time will tell allgreenspun.com : LUSENET : TimeBomb 2000 (Y2000) : One Thread
PREMATURE DECLARATIONS OF VICTORY Around the world, news commentators are now leaping to unsubstantiated conclusions about the global impact of Y2K, declaring, among other things, "All computers have passed the test!" This sweeping statement is, it seems, based on the fact that no major city has yet lost power.
While these conclusions don't say much about the long-term economic impact of Y2K, they do say something about the commentators making such statements: they still have no understanding of what Y2K is all about.
Having power on-line is a major plus. It eliminates the doomsday scenarios outright. But electric utilities don't run the computers of the economy. The Y2K status of many critical pillars of the global economy are, as of right now, entirely unknown. These pillars include global transportation (oil tankers, trains, etc.), international money settlement processes, enterprise systems, multi-vendor supply lines, the postal service, government programs, the IRS and more.
Of course, those systems, too, may turn out to be only slightly affected by Y2K. But we won't know for a few more days at the very least. Meanwhile, television programming has declared all systems to be 100% Y2K-bug-free, even before the United States and Canada entered the new millennium! While they may turn out to be right, it certainly isn't because of their research into the issue.
It is now clear that no matter what happens with Y2K in January, the national media will have very little understanding of the underlying mechanisms. As far as some news commentators are concerned, Y2K has already been solved because the lights are on.
Technical personnel know better: they're sweating out Y2K right now. They know better than to declare victory this early in the game. Even Koskinen says a declaration of victory is premature. If all the lights stay on, that's an important, successful crossing of the first milestone. It is not, however, the final chapter, and calling it that is once again misleading the American people about the truth here.
When the real Y2K impact is known, Y2K Newswire will call it like it is: no big deal, medium deal or big deal. But we will only make the call when the data is in, not based on the emotional persuasion of fireworks and people dancing in the streets.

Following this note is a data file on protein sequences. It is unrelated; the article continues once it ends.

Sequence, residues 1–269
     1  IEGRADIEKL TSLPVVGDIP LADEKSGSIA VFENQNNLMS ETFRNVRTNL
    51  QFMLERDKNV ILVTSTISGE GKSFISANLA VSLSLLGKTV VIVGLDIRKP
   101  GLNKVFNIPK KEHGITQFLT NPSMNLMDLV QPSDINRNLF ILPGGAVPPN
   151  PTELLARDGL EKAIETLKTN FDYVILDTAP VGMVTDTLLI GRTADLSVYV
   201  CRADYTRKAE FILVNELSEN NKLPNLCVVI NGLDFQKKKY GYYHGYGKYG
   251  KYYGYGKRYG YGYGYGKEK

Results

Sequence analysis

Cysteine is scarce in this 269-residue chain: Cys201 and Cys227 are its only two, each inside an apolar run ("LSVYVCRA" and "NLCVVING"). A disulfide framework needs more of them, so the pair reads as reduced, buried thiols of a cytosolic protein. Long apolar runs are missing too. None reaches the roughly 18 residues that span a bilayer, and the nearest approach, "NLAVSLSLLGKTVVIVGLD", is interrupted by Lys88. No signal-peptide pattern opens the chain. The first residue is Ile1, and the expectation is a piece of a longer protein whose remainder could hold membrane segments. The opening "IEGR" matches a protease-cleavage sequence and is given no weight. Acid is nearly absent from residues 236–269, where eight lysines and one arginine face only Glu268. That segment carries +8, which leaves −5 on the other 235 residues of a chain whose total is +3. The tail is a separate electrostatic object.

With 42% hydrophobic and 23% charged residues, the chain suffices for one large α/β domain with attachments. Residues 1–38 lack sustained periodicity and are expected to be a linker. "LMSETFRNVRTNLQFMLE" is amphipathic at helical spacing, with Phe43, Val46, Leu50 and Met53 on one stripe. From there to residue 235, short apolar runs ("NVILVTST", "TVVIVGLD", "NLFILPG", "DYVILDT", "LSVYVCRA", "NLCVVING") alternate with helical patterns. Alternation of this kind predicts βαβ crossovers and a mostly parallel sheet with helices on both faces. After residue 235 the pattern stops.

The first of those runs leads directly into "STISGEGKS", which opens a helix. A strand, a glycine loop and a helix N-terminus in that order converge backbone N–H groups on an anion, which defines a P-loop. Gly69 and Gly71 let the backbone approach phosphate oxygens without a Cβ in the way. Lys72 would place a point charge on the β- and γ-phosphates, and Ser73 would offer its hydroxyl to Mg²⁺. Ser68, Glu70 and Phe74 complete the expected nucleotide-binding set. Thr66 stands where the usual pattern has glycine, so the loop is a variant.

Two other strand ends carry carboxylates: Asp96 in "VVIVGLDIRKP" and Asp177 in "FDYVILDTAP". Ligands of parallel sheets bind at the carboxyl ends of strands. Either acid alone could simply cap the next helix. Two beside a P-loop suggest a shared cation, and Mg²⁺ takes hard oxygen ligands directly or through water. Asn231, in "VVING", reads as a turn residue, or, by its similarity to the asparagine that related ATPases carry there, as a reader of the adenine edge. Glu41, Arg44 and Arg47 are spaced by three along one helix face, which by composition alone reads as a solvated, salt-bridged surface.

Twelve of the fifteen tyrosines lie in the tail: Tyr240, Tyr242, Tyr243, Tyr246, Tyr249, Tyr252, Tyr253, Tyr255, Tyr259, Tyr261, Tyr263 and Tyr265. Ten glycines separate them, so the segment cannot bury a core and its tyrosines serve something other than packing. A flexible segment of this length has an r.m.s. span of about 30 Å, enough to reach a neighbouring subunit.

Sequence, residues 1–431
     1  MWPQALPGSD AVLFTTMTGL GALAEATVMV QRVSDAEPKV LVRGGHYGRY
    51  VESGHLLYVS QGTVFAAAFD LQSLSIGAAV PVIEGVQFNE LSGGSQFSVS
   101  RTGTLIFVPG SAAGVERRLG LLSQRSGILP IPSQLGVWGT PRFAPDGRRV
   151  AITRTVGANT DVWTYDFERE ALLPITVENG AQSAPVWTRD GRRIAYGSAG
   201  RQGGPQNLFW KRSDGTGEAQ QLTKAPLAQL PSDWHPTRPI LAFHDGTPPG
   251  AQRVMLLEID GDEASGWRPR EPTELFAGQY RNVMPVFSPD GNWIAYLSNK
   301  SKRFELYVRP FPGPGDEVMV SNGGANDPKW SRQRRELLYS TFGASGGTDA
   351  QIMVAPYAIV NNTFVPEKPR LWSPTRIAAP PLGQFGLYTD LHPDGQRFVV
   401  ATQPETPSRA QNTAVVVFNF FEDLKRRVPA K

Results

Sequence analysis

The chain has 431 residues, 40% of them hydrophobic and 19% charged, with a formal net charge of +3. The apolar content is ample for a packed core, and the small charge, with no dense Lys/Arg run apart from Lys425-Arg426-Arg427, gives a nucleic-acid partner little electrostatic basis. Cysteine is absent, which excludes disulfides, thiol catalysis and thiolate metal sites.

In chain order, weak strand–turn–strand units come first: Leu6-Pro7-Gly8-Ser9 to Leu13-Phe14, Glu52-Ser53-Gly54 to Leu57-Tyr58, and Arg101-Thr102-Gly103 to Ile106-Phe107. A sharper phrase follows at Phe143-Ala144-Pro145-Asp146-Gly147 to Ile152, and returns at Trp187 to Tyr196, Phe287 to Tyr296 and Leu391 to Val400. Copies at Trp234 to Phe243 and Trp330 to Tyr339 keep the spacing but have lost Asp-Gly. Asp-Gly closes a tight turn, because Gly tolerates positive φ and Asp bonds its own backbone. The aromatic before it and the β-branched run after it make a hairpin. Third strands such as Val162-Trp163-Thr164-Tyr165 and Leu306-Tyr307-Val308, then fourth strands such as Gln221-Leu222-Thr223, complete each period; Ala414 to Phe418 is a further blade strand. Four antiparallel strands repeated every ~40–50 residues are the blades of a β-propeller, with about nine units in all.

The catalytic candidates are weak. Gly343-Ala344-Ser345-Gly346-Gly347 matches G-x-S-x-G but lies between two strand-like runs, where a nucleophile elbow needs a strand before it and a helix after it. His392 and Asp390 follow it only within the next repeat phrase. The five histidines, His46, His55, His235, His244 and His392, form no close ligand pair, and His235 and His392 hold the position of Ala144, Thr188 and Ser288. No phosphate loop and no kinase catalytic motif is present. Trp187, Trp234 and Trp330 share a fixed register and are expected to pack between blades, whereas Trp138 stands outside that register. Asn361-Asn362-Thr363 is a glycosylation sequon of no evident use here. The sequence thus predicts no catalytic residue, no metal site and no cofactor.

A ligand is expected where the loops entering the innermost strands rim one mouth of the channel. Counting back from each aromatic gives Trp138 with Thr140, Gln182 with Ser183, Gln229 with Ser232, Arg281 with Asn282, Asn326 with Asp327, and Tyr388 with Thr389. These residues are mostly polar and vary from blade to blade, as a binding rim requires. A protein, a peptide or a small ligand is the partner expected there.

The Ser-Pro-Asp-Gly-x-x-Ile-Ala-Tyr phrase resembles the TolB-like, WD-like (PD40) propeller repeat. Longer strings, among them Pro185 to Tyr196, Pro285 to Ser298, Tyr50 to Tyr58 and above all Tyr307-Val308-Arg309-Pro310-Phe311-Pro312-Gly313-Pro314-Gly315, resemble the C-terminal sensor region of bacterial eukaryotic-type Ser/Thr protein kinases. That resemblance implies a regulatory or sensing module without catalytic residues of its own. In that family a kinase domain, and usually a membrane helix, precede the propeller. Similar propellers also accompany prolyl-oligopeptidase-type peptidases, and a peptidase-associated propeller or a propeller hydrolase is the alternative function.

-- need a drink (email@example.com), January 01, 2000
Love your address! Hahaha! Thanks for posting this essay.
-- Faith Weaver (firstname.lastname@example.org), January 01, 2000.
IT REMAINS TO BE SEEN IF THE POWER GRID WILL STAY UP IN 2000! I belie ve that they DID NOT ROLL THE OFFICIAL CLOCKS OVER. So, the fact that the lights are on means nothing, if their computers are picking up a bogus GMT. When I checked the Greenwich web site last night the clock was reading DECEMBER 31 1999 2845HOURS! They have now corrected the reading on the website clock, but have they actually rolled over the OFFICIAL CLOCK??? Until I know the answer to that question I will not assume anything about whether or not the power grid will stay up. They cannot keep adding hours to December 31 indefinitely, surely once they get to 9900 hours on December 31 they will have to roll it over.
-- Ann Fisher (email@example.com), January 01, 2000.
---was just telling my girlfriend about funny topic specific email addys on this board, too. Wonder if anyone has long term collected them, I've seen some great ones! I'll try...
-- zog (firstname.lastname@example.org), January 01, 2000.
LOL, Ann. That was the funniest post I've seen today. Have another beer.
-- Bad Company (email@example.com), January 01, 2000.
When I checked the Greenwich web site last night the clock was reading DECEMBER 31 1999 2845HOURS!
Yep, the whole world is windowing back to avoid power failures! A day of reckoning is coming when the global computer system will have no idea of WHEN they are!
-- Slobby Don (firstname.lastname@example.org), January 01, 2000.
LOL at "handle"!!!
-- Not Much (email@example.com), January 01, 2000.
Dumb ass doomers.
-- GetItTogether (firstname.lastname@example.org), November 10, 2002.